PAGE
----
ORLANDO, Fla. – Sharon Morrison and her husband, Donald, say they are horrified by what they did on their last vacation to a Wyndham Resort in Orlando.
They paid $25,000 to buy a timeshare, after a four-hour sales pitch that wore down the couple’s resistance and skepticism. Now they are being hounded by people promising to get them out of the contract — if they pay an upfront fee. They don’t want to pay out any more money and aren’t sure who to trust.
“We can’t afford this,” said Morrison, 69, who lives near Ottawa.
She says Wyndham offered to put them in a program that will eventually allow them to sell their timeshare, but they aren’t sure how long it will take.
“Why won’t someone help us, and put a stop to this?” she said.
Wyndham didn’t respond to questions about the Morrisons’ case.
The timeshare industry, like many others, has roared back from the 2007-09 recession. The American Resort Development Association, or ARDA, said 9.2 million households in the U.S., about 6.9 percent of all households, own some type of timeshare.
Big timeshare companies are facing serious court battles. Wyndham, the biggest, lost a $20 million court verdict in California courts in November, when a whistleblower employee accused the company of targeting elderly people, with deceptive claims about the ability to sell a timeshare back to the company among other allegations.
And Marriott Vacations Worldwide is battling a federal lawsuit in Orlando that alleges it falsely markets its points system as real estate ownership. Marriott is asking a judge to throw out that lawsuit.
The timeshare industry also is roiling with new allegations about cottage industries that claim to help people cancel their timeshares.
Wyndham said in a recent conference call about its first-quarter earnings that it increased its loan loss outlook because of “increased effort by third parties to encourage customers to default on their timeshare loans.”
Orlando-based timeshare companies Westgate Resorts and Orange Lake Country Club filed nearly identical lawsuits in Orlando against Tennessee firms Castle Law and Castle Marketing.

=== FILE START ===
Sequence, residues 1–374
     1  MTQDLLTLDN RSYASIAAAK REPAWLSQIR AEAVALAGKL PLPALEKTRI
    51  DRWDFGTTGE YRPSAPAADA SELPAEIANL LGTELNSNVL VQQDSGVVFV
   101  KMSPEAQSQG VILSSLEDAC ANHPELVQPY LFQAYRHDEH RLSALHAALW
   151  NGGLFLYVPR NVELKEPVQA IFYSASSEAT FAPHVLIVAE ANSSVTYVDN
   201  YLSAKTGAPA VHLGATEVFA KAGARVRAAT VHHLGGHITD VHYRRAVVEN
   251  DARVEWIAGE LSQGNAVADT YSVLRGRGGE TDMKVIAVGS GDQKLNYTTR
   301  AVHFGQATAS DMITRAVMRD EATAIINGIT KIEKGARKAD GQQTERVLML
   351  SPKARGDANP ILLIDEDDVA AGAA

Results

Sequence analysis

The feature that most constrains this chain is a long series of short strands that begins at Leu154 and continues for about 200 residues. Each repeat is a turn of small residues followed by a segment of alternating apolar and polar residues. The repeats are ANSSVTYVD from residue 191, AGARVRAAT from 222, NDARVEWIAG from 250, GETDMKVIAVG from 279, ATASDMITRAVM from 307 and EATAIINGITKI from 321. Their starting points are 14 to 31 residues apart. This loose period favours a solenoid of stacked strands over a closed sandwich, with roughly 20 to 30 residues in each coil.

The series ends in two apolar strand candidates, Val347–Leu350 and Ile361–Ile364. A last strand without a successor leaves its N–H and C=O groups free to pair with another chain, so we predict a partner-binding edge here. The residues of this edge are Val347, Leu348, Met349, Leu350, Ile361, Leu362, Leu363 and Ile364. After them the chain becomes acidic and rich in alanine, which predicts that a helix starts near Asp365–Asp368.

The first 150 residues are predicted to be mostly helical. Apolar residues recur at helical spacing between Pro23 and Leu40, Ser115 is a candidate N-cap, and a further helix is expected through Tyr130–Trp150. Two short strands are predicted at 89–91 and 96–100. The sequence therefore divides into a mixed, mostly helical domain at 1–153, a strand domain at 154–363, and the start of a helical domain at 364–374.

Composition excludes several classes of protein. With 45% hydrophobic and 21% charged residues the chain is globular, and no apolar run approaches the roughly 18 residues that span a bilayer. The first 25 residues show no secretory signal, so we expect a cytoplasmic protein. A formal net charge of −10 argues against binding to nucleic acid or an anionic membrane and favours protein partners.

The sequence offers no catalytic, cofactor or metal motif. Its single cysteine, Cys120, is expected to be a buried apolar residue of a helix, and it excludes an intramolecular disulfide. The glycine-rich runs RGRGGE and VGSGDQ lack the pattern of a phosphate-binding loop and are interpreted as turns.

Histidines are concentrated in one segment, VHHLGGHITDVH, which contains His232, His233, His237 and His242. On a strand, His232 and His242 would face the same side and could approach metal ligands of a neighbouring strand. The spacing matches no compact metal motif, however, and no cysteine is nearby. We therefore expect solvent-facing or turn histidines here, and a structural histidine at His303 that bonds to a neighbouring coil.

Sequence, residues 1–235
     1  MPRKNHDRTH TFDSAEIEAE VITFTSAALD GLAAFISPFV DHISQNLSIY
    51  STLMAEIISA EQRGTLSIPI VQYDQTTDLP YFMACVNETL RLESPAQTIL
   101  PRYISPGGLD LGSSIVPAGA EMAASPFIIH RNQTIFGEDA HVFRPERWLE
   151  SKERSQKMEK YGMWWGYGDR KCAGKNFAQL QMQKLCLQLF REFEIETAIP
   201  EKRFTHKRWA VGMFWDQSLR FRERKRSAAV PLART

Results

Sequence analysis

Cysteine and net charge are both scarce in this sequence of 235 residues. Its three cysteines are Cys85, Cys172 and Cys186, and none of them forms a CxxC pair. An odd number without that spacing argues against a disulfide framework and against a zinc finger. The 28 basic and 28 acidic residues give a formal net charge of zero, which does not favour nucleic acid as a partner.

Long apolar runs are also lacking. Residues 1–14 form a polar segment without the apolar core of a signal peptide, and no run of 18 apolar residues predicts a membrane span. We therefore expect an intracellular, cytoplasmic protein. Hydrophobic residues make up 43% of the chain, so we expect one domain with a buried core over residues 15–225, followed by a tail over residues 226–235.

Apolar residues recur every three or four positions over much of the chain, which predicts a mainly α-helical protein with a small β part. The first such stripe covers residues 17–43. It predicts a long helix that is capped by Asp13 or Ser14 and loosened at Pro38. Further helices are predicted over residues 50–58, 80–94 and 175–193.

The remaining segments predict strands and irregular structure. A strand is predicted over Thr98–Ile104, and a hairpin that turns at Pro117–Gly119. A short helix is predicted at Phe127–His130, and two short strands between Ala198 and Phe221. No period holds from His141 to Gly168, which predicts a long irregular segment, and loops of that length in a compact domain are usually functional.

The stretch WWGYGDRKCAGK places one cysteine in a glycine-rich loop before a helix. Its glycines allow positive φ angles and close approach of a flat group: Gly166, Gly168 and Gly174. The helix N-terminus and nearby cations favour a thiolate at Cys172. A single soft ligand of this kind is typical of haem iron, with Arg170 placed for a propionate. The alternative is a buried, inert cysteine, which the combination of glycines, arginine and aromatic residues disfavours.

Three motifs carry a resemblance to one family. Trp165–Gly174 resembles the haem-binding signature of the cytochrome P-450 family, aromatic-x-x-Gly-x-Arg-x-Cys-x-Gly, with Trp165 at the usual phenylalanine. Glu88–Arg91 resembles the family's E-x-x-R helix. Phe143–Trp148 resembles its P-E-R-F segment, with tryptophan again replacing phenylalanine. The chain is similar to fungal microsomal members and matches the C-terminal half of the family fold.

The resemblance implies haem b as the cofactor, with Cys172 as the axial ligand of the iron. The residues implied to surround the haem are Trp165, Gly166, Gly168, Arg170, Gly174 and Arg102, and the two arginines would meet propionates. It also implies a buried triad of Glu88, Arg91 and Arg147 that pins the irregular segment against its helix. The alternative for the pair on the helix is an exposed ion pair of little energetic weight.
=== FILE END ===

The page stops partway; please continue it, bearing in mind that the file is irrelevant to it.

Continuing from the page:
Westgate and Orange Lake accuse the Castle companies of charging some customers an upfront litigation fee of $7,500. Orange Lake said Castle filed no lawsuits for any of its owners who paid the fee; Westgate said Castle hasn’t filed lawsuits for some owners who paid the litigation fee.
A senior partner with Castle — attorney and Tea Party leader Judson Phillips — denies those allegations. He declined to discuss specifics about the Westgate and Orange Lake lawsuits, because he hasn’t been officially served yet, but he said in an e-mail he believes the suits are frivolous, and he and Castle have obtained good results for clients.
Greg Crist, director of the National Timeshare Owners Association, said more lawsuits against cancellation companies may be in the works.
Former timeshare salespeople sometimes open new companies aimed at cancellation, he said.
“They’ve basically learned the inside track on what it takes to get the developer to cancel a timeshare, and also they know how the high-pressure sales tactics work,” Crist said. “They attract timeshare owners in the same way — with a dinner, an evening out, and show them how maintenance fees escalate, and literally scare the hell out of these people.”
The Morrisons said they thought they were going to a workshop about a new online reservation system for Wyndham Resorts. Instead, according to them, they wound up listening to aggressive sales pitches to buy a timeshare.
“We were there for four hours. They were very pushy,” Sharon Morrison said. “We paid them $25,000 and gave them our credit card information. A lot of our retirement money is gone.”